The new defense strategy does call for Brazil to become more independent of other countries’ military technology. It emphasizes a reorganization of the nation’s defense industry to focus on forming partnerships with other countries so that Brazil is involved in creating the new technologies. “We are no longer interested in buying weapons off the shelf,” Mr. Mangabeira Unger said....
The Brazilian Army would be reshaped to be a more mobile, quick-strike force. Only about 10 percent of its soldiers are now trained for rapid deployment. The entire army would be reconstituted at the brigade level to be able to strike quickly, “so that a warrior would also be a guerrilla,” Mr. Mangabeira Unger said.
The plan also involved enforcing existing laws on mandatory conscription to draw people from all classes, not just the poorer ones, to make for a more highly skilled fighting force.
“This will be a novel debate for Brazil about national sacrifice,” Mr. Mangabeira Unger said. “There has been no moment in our national history when we have squarely had the kind of debate that I hope we will have now.”
[Thanks to Michael Perrry for the pointer]
December 19, 2008
Law Profs in Sub-Cabinet Positions in the Obama Administration
Once again, Nan Hunter (Georgetown) is collecting the information.
Rick Hills: Aspiring Union Buster?
In the comments, Professors O'Donnell and Slater think so! Another rousing performance at PrawfsBlog by Professor Hills! But seriously, when you think of "extraordinarily generous deals," do you really think of public sector workers in New York City or NYU law professors? And will the financial implosion on Wall Street mean the end of the NYU Law gravy train? We shall see.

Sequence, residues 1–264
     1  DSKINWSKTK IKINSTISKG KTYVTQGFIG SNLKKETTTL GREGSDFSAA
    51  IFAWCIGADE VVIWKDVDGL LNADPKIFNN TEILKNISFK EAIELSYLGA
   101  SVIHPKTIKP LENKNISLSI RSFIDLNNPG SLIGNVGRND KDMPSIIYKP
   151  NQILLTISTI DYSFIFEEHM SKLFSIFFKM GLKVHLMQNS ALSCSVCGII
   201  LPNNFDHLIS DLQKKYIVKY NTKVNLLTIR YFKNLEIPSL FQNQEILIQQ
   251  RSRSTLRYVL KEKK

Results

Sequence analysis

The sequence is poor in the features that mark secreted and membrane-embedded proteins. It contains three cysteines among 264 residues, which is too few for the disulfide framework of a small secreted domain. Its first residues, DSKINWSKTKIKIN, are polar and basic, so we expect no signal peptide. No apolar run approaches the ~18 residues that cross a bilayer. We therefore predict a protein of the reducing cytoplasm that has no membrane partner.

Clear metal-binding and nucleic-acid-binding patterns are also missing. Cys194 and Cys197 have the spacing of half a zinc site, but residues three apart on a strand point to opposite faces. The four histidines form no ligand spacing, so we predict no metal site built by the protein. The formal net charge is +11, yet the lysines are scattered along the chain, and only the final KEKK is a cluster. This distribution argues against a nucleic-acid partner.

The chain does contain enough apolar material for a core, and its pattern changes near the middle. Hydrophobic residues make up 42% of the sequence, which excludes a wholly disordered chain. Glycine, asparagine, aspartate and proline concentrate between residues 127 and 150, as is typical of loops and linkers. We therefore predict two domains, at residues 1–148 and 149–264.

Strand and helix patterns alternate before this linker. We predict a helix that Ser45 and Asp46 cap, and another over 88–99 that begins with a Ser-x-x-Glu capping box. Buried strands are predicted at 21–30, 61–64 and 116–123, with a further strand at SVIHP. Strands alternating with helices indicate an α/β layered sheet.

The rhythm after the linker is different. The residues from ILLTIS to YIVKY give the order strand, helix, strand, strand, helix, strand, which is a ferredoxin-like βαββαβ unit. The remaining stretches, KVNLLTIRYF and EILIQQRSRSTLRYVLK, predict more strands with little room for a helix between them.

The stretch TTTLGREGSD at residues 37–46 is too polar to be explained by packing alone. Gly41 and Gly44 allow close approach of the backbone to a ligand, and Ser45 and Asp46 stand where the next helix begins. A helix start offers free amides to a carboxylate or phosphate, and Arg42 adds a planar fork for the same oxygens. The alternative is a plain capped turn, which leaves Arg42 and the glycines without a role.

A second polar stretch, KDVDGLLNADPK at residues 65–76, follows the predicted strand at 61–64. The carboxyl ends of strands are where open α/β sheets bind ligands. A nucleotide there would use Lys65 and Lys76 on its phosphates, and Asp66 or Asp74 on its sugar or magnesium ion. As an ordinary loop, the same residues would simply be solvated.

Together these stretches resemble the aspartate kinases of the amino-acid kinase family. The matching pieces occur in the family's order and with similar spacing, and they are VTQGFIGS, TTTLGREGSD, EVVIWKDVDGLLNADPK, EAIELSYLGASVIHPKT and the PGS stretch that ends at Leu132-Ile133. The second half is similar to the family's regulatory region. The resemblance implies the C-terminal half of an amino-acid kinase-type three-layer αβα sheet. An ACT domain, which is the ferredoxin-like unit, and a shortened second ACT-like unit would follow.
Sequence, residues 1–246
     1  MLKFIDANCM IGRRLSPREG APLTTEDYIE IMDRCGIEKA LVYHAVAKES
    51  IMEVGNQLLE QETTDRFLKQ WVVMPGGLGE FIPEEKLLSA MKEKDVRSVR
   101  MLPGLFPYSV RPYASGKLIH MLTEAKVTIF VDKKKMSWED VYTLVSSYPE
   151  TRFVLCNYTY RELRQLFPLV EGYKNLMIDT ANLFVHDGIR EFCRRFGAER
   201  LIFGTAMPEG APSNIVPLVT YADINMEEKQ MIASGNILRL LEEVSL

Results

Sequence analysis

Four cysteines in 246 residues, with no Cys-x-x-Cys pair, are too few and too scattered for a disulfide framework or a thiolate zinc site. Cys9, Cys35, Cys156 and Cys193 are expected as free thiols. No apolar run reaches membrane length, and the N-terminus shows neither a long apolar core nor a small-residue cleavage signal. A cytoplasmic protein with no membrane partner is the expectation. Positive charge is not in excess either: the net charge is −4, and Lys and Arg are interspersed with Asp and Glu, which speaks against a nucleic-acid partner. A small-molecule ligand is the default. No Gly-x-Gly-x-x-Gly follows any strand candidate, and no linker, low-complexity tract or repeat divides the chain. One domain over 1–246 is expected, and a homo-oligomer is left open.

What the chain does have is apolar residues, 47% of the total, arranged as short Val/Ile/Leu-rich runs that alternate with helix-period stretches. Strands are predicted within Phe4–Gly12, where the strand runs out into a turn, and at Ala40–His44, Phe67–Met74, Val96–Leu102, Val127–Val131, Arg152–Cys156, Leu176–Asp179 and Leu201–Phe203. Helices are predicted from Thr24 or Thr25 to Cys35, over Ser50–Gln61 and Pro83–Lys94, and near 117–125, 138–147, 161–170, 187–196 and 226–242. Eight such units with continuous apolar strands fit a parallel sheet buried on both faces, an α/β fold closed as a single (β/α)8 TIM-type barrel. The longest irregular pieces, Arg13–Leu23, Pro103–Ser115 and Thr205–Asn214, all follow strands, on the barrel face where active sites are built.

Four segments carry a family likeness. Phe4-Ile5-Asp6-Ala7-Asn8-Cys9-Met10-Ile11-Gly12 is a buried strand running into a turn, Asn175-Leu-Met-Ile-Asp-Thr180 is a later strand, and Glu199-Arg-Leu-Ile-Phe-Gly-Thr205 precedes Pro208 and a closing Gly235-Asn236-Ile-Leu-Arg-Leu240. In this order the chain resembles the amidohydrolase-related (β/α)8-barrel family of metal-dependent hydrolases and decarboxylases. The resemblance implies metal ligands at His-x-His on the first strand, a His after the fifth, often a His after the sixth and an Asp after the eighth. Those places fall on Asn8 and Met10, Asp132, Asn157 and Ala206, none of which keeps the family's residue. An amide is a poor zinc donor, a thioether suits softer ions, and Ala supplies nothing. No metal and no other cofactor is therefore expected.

As it happens, Professor Krugman's column today is also apt.
December 18, 2008
Research Assessment Exercise in U.K. for Law Faculties Released
The Guardian has the results. A few words of explanation, since the meaning of the results is far from obvious on a quick glance. The first column gives the number of staff who submitted four pieces of research published 2001-2007 for evaluation. 4* is the highest score awarded, and it's down from there. The number under each score is the percentage of faculty work that received that score. So: the London School of Economics submitted work from approximately 60 faculty (so about 240 pieces of scholarship), of which 45% were deemed to be distinguished at the highest international level (4*). University College London submitted work from not quite 43 faculty (so about 172 pieces of scholarship), of which 35% was deemed to be 4* work. Meanwhile, Oxford submitted work from about 103 faculty (so about 412 pieces of scholarship), of which 35% also received a mark of 4*. That means, of course, that Oxford produced far more 4* work than either LSE or UCL, but its per capita or average performance was not quite as strong overall: that's the "GPA" in the last column, representing the average score for the whole faculty. LSE got a 3.1, UCL got a 3.05, Oxford got a 3.0, Durham a 2.9, and Nottingham a 2.9. (One unknown, to me at least, is whether UCL got credit for the work of two of its most eminent faculty, now both retired: Ronald Dworkin and Basil Markesinis.)